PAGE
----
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What a Week in Golf


Photo Credits: Getty Images/LIV Golf


Wow, what a week in golf! We've seen some incredible shots in our time, but this news is a game-changer. The big leagues - PGA Tour, LIV Golf, and DP World Tour - are joining forces. Yes, you heard that right, they're merging! This is like landing an eagle on a par 5 - it's set to send shockwaves through professional golf and launch our beloved sport into a new era.


Picture this: The legacy and history of the PGA Tour, the competitive team golf concept of LIV Golf, and the international flavour of the DP World Tour, all coming together under one roof.


PGA Tour commissioner, Jay Monahan has described this as a "transformational partnership," one that is sure to send ripples through golf courses worldwide.

But it's not just about creating an unprecedented powerhouse in professional golf. This merger is a signal of peace in the golfing world, resolving the ongoing litigation between the PGA Tour and LIV Golf and creating a future where the world's top golfers compete on the same stage, all fighting for the coveted title of the world's best golfer. This could very well be our reality at the end of the 2023 season.


Now, I've been thinking a lot about this since the news broke unexpectedly on Tuesday afternoon, and here's my take: I've always believed there was room for a second tour, one that could work in harmony with the existing ones, hosting joint events and creating a kind of 'World Championship' of golf. This merger could be a step towards that vision, bringing together the best of all tours, and avoiding the creation of a 'cartel.' It's a unique opportunity to democratise the game, giving more players a chance to shine on the global stage.


However, this might be different for some players that have not been in favour of LIV Golf until now. One example is Rory McIlroy, one of the most prominent figures in professional golf, who has had a complex relationship with LIV Golf. In the past, he had declined a lucrative offer to join the breakaway tour, choosing instead to stay with the PGA and even advocating for the PGA to ban LIV players from its events. However, with the recent merger of PGA Tour and LIV Golf, McIlroy will find himself unexpectedly involved in the organisation he once stood against.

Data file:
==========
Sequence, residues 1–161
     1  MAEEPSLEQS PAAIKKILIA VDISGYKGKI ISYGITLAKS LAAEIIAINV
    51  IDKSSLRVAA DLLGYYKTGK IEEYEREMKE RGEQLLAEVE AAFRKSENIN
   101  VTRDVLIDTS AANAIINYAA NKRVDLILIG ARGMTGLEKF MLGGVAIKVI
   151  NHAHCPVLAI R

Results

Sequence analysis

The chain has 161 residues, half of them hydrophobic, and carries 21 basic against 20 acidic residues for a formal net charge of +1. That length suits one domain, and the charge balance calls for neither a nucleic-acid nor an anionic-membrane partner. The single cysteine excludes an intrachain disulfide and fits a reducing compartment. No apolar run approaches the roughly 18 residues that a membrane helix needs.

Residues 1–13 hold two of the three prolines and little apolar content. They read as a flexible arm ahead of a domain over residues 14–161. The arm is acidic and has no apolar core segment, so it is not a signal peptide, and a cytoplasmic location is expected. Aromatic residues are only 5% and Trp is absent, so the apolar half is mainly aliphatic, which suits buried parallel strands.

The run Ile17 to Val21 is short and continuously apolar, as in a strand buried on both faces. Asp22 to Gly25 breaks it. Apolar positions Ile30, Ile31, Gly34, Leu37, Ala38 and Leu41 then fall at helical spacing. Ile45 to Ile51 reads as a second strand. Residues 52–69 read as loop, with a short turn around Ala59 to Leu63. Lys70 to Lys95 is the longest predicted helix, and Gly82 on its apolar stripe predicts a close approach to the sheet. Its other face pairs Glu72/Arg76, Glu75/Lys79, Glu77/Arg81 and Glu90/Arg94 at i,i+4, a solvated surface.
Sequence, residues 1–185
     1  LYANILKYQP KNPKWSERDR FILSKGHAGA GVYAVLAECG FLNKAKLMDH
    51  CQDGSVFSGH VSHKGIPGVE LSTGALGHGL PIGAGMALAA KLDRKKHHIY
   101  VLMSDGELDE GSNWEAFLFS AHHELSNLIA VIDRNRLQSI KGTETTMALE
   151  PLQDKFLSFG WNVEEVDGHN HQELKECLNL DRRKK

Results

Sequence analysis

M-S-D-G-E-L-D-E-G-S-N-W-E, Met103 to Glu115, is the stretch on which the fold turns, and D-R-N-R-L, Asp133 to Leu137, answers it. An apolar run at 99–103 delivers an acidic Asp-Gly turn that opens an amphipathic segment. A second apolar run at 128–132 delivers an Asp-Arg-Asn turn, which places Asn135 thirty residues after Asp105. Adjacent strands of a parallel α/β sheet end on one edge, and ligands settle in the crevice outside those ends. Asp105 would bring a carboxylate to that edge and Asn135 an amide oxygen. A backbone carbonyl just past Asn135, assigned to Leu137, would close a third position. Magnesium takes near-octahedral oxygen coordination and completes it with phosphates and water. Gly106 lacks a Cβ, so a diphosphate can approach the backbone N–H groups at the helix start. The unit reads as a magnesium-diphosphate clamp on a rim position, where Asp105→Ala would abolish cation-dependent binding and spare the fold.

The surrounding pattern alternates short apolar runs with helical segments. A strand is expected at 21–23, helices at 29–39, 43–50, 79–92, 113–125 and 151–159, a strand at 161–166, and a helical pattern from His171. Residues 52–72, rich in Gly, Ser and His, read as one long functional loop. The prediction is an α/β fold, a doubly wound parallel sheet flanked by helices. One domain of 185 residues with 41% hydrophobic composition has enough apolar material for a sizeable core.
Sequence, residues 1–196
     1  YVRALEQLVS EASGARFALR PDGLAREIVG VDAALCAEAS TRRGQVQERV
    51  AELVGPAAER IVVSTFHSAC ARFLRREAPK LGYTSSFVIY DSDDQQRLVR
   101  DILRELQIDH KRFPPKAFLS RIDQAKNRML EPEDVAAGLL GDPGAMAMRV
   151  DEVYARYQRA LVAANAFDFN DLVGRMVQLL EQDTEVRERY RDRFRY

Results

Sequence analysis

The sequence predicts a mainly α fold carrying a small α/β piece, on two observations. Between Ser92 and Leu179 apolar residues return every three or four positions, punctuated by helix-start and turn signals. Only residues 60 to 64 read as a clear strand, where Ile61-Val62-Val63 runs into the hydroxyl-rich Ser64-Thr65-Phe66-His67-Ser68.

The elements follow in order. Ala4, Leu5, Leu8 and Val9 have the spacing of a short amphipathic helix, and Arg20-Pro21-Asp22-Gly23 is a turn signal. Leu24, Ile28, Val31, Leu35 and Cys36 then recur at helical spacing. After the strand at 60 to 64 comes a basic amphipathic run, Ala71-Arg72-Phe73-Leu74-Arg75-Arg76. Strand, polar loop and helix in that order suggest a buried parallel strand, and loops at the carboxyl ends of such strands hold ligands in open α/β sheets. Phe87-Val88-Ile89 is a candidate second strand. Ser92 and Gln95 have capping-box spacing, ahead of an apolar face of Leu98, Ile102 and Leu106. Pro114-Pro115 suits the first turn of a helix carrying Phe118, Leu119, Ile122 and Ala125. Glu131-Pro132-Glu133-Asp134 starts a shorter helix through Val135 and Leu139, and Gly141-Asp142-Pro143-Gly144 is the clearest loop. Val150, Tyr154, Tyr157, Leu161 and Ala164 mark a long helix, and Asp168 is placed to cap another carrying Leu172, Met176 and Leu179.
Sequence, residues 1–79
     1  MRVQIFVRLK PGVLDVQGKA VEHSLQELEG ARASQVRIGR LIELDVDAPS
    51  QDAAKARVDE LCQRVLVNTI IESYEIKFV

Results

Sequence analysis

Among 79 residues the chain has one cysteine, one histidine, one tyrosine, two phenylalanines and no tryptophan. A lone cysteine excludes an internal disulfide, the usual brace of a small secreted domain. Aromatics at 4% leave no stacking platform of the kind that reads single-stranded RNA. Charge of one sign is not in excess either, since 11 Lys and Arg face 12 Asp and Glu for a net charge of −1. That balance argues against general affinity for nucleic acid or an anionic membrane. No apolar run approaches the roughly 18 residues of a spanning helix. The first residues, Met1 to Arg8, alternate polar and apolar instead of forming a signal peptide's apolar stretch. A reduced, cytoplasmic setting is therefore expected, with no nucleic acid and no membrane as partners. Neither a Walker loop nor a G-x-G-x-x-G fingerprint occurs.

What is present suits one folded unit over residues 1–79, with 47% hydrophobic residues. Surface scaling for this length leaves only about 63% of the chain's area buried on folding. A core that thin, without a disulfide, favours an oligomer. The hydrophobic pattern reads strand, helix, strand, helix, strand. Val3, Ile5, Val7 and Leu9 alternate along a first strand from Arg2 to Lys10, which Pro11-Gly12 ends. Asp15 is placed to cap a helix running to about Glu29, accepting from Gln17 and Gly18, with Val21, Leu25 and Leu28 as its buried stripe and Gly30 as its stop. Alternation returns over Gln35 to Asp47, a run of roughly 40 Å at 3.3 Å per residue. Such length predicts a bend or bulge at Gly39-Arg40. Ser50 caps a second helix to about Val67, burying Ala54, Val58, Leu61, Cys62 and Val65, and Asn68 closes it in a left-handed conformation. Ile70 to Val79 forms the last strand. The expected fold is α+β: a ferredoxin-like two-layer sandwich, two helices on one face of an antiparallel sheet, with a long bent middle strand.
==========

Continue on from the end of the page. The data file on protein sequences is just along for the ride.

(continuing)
In this whole situation, it’s hard to understand if this was a victory for the PGA Tour or for LIV Golf. The PGA Tour will now benefit from an injection of resources that could see the tour soaring to new heights, whilst LIV Golf, the new kid on the block, has just joined forces with the big boys, a move that could skyrocket its credibility and reach in the golfing world.


I'm also wondering if this merger has the potential to attract more people to the game. There is no doubt that the news has sparked a frenzy of interest, but it’s hard to say if more people might approach golf as a result of this or if the opposite might actually happen.


Of course, we can't forget about the elephant on the course - the controversy around LIV Golf. With ties to the Public Investment Fund of Saudi Arabia (PIF), some folks are raising their eyebrows. Many argue that this is a case of "sportswashing," - using sports to distract from some pretty serious accusations. It's a big deal, and it's something we've got to keep our eyes on.


However, it's worth noting that 'oil money' from Saudi Arabia has been invested in various sports and sectors for years at this point. This is not a new phenomenon and it certainly isn't exclusive to sports. While it does pose ethical questions, it's not limited to golf and we should question the long list of other instances in which we've seen this happen.


A bit of background on LIV Golf – it’s a newbie, it was launched in 2021 with the ambitious vision of creating a global professional tour dubbed the "Super Golf League." Under the leadership of CEO Greg Norman, LIV Golf has made significant strides, including a $300 million investment in the Asian Tour at the Saudi International, which included a 10-event international series hosting tournaments in Asia, the Middle East, and Europe. It's clear that LIV Golf isn't just a new player in the game, but a force that's here to change international golf tournaments as we know.


So, what's next? Well, we're all waiting to see what happens. We don’t know if each individual tour will be kept or if we will see a fusion into one big golf event. New tournament schedules, prize funds, broadcasting rights - it's all up in the air. But one thing is certain: this is a time of change and evolution. As we await more details of what this merger means for the players, sponsors, and fans, I remain optimistic about the future of our favourite game.


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